The attorney for Curtis Reeves Jr., accused in a Pasco movie theater shooting in January, said his client will take the stand when he faces trial on a second-degree murder charge.
In addition, Tampa attorney Richard Escobar said he plans to interview Pasco County Sheriff Chris Nocco and possibly call him as a witness.
The reasoning: If Nocco's deputies can justifiably shoot and kill an unarmed suspect who threatened them during an undercover drug buy, as happened this month in Zephyrhills, why shouldn't Reeves be able to do the same?
"The sheriff agrees that if an individual doesn't have a weapon, it is reasonable to shoot," Escobar said Wednesday.
Reeves, 71, is charged with second-degree murder in the death of Chad Oulson.
On Jan. 13, the two argued over Oulson texting during matinee previews. Reeves said Oulson, 43, attacked him and threw something that knocked off his glasses. Reeves is a retired Tampa police captain.
Escobar said Florida's self-defense law is on his client's side.
"It's not what you would have done, but what a reasonable person would have done," Escobar said. "Curtis Reeves is a 71-year-old man with many ailments. He's a highly trained law enforcement officer. The law of self defense puts you in his shoes."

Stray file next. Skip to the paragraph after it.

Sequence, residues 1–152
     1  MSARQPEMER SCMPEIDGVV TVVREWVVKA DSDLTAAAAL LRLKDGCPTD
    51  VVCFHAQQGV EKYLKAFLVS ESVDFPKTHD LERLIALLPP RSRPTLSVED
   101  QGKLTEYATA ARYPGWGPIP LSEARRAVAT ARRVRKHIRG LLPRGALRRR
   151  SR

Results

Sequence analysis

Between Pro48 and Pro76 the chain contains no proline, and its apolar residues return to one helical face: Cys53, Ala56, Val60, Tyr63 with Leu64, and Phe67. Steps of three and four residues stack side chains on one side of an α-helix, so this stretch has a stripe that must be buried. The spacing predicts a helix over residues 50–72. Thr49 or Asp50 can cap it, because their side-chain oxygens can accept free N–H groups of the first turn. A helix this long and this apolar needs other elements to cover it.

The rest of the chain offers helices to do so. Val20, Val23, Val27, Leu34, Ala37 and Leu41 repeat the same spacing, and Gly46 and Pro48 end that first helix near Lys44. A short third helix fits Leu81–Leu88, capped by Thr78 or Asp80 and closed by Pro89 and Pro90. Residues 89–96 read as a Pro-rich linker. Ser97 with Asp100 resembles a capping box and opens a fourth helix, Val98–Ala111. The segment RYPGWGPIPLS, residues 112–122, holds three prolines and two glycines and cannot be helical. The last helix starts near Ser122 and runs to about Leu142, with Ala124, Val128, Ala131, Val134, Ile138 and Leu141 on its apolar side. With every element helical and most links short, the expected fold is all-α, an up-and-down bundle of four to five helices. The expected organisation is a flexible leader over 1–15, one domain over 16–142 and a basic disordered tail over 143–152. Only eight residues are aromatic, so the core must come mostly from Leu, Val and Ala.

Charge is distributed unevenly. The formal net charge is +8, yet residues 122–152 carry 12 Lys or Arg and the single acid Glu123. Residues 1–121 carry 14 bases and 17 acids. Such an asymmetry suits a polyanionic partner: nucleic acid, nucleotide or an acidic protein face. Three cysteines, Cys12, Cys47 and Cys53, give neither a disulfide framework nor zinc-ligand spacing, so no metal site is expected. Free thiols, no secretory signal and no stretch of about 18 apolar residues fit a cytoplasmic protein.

On July 1, undercover Pasco deputies moved in to arrest 41-year-old Jerry Dwight Brown outside Big Ben's Used Tires in Zephyrhills. They ordered him to show his hands, Nocco said in a news conference the next day, but Brown moved in a way that made them fear for their lives. He said deputies made "a split-second decision."
Brown, who was suspected of dealing pills, was shot by two detectives.
On Wednesday, Nocco released this statement: "I am not going to comment on Mr. Escobar's defense strategy. However, I know our Pasco Sheriff's Office detectives will do an outstanding job presenting the facts in the courtroom."
Reeves had been held without bail until last week, when he was given a $150,000 bail and was released from jail. He must wear an ankle bracelet and can only leave his home for church, the doctor and the grocery store. His trial is unlikely to start until next year at the earliest.